Now countries are competing, who will be able to «switch to the Sun» faster. Even the lack of land for the construction of solar power plants did not become an obstacle for the countries of Southeast Asia – they learned to build floating photovoltaic systems in water bodies.
Thailand’s state-owned energy company EGAT plans to create a floating 45 MW solar power plant at the Sirindhorn dam. In total, the company intends to implement 16 such projects in 9 rivers of the country.
Singapore also deals with marine floating solar systems – Sunseap Group is developing a reliable, open sea platform that does not interfere with the movement of water transport.
Although the installation of floating photovoltaic panels is somewhat more expensive technology than the land stations construction, the revenue from generating energy equally exceeds the cost. Among the advantages of water power plants – water-cooling reduces heat loss and extends the life of plants. Moreover, the panels will be able to reduce the evaporation of reservoirs in hot weather.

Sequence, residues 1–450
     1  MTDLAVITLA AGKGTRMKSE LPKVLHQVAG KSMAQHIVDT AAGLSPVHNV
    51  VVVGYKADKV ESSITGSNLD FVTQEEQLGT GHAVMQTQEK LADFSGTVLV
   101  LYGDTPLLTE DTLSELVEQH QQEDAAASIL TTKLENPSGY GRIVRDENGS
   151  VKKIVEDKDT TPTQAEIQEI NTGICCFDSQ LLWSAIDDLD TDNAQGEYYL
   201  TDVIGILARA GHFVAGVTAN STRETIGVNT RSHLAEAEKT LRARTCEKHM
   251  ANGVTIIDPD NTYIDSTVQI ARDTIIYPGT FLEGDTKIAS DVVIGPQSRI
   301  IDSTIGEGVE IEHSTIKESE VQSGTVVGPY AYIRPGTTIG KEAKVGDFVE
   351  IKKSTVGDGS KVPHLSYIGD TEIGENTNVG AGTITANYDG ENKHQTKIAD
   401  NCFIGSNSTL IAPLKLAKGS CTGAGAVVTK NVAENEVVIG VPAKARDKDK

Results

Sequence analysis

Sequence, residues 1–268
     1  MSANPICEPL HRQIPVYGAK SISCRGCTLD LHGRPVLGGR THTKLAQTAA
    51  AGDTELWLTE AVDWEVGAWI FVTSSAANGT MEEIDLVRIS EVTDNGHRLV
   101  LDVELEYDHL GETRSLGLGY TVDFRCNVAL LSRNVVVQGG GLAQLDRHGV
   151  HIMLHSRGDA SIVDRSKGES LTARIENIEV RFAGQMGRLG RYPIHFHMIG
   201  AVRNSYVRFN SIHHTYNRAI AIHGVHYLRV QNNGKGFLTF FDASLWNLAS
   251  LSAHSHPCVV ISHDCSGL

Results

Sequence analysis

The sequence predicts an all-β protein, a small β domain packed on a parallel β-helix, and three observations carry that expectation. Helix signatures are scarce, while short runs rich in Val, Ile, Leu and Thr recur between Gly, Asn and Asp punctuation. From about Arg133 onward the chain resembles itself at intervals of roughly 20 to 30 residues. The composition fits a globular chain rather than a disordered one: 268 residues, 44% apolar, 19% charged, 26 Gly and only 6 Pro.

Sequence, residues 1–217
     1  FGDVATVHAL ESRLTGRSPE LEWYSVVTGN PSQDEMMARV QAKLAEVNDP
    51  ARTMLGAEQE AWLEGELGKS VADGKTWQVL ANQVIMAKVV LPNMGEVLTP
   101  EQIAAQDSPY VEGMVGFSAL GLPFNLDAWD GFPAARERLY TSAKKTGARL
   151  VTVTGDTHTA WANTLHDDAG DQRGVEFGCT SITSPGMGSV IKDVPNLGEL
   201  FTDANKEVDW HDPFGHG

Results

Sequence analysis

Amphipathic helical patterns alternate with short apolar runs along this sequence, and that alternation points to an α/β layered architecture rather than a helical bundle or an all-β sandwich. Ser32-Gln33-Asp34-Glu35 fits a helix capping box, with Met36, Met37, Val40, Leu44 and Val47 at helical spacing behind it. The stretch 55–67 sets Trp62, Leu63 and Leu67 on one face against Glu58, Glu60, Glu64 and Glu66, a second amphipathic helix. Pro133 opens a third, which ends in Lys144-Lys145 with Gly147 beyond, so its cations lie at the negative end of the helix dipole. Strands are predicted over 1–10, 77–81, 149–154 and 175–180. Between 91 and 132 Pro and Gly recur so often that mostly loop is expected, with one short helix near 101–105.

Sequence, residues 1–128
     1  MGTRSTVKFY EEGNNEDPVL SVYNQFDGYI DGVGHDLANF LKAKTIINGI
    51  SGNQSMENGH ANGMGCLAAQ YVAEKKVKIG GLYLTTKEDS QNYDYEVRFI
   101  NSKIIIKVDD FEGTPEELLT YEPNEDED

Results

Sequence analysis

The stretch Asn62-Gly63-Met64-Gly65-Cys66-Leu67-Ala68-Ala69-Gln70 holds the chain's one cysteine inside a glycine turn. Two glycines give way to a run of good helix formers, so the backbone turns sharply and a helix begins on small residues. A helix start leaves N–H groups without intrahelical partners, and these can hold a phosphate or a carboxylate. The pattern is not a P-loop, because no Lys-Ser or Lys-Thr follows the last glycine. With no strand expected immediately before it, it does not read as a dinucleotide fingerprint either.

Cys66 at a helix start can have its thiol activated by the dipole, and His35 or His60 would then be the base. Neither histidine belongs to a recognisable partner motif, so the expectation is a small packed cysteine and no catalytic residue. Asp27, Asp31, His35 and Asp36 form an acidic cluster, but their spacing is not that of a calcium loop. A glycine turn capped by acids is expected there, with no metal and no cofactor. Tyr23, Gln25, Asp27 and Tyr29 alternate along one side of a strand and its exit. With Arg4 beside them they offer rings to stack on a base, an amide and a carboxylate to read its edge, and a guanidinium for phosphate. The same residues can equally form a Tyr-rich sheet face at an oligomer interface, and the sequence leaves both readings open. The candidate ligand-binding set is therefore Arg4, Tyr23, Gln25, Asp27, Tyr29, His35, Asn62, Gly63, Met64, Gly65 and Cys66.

China currently has 1.1 GW of floating solar power. Indian government announced the development of floating power plants at 10 GW.
Technology developers are convinced that there will be no adverse effects to marine flora and fauna, since the panels will cover relatively small areas and will not prevent sunlight getting into the water.